A few of those men, including Voddie Baucham, John MacArthur, Josh Buice, Phil Johnson, and Tom Buck, recently met in Dallas to compose a statement of official affirmations and denials, in the format of the Chicago statements, addressing their primary concerns and the dangers of the social justice movement, the biblical truth of the gospel, and the proper Christian response to this growing movement. This will probably become a very important statement (already being dubbed by some “the Dallas Statement”—I hope that sticks), and it will certainly separate out those who are willing to stand for the truth of God’s Word over against man’s word, and those who are willing to reinterpret God’s Word for the sake of “respectability” and having a seat at the secular table.

The one critique I have, at this point, is the way they use the term “racism” in article XIV, with little definition or clarification. This is a word that’s been weaponized to make Christians, white people, and men, feel guilty for being so, and thus required to apologize perpetually for sins they didn’t commit in order to atone for their existence in a condition they didn’t choose (and if you have the combination of all three—Christian white man—you’re probably the literal spawn of Satan). Anyway, racism is a rather muddled word these days, so some clarification would have been helpful. For a good discussion of the issue of racism and racial “reconciliation” or harmony, see Doug Wilson’s book of essays entitled Black and Tan.

For more information on the issue of social justice from a biblical perspective, I’d recommend this series from John MacArthur, and this article from Religious Affections. Religious Affections also has some links to other relevant articles in that post; I promise if you follow the links you will find a goldmine of information on the Christian perspective on culture, cultural engagement, and related issues. You may also find this article helpful, in which Josh Buice explains why he partook in the project and attached his name and reputation to the statement. Doug Wilson has posted his thoughts on the statement and related issure here. And, lastly, I have a post coming up soon in which I’ll point you to a number of articles that deal well with the question specifically of the church’s responsibility to the poor.

There will, undoubtedly, be a great deal of criticism aimed at this statement and the men who’ve written it. I’m sure there are some critiques that will be legitimate. It would have been beneficial if they had gone deeper into several of the issues addressed; but overall, the statement is well-written as far as it goes, and it will be helpful in what it does touch on. There have already been accusations of divisiveness hurled at these men, and certainly there will be some division as a result of this statement and the surrounding conversation—after all, doctrine divides precisely because truth is, by definition, exclusive.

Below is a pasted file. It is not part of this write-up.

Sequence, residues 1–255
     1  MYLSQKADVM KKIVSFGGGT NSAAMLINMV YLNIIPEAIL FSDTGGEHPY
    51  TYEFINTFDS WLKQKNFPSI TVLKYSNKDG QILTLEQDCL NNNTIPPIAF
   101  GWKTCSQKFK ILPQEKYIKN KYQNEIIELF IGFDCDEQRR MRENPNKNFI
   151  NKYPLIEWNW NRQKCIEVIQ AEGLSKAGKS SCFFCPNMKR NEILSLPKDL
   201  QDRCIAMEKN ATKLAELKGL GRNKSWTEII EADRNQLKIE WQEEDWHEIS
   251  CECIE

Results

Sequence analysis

Yet I’m thankful for the stand these men have taken, and I think this statement, despite any potential shortcomings, will still serve as an important document to spark conversation and reflection, and give valuable expression to the biblical worldview that many Christians know in their hearts to be true, but would have a difficult time articulating themselves had not wise men come together to clearly defend the purity of the gospel in an age when believers want their ears tickled and their feelings validated.

The other unfortunate reality you may notice is the lack of any more of the prominent, respected pastors and theologians as drafters or signers. The sad reason for this absence is that these very same prominent and respected Christian leaders are the ones who are giving in to the compromise, and leading the slide toward progressive, soft, trendy, “respectable” Christianity. It shouldn’t be a surprise that many Christian leaders have not signed the statement. They are the reason a statement like this is even necessary in the first place.

I’ll come back to update this post as I learn more. There’s also now, due to popular demand (myself being one of those who requested a copy to share), a PDF copy of the statement available for download to save, share, post at your church, etc.

I encourage you to take the time to read this important statement, and, if you’re a pastor and you believe you’re able, to add your name to it.

“Our hope is the clear sounding of the gospel. We must be heralds of truth—not political ideas or cultural trends… Far too often people are unwilling to stand for the gospel publicly because they are afraid of rebuke, criticism, and the loss of support for their ministry. Many people are willing to work long hours on their ministry strategy in order to protect their brand and their image, but they’re unwilling to subject themselves to heavy criticism that could potentially cause their brand to lose support in the end. Interestingly enough, Jude never says to protect your ministry strategy. The calling for Christians is to contend for the gospel. Jesus never promised us an easy life without trouble. In fact, he promised us much worse.” — Josh Buice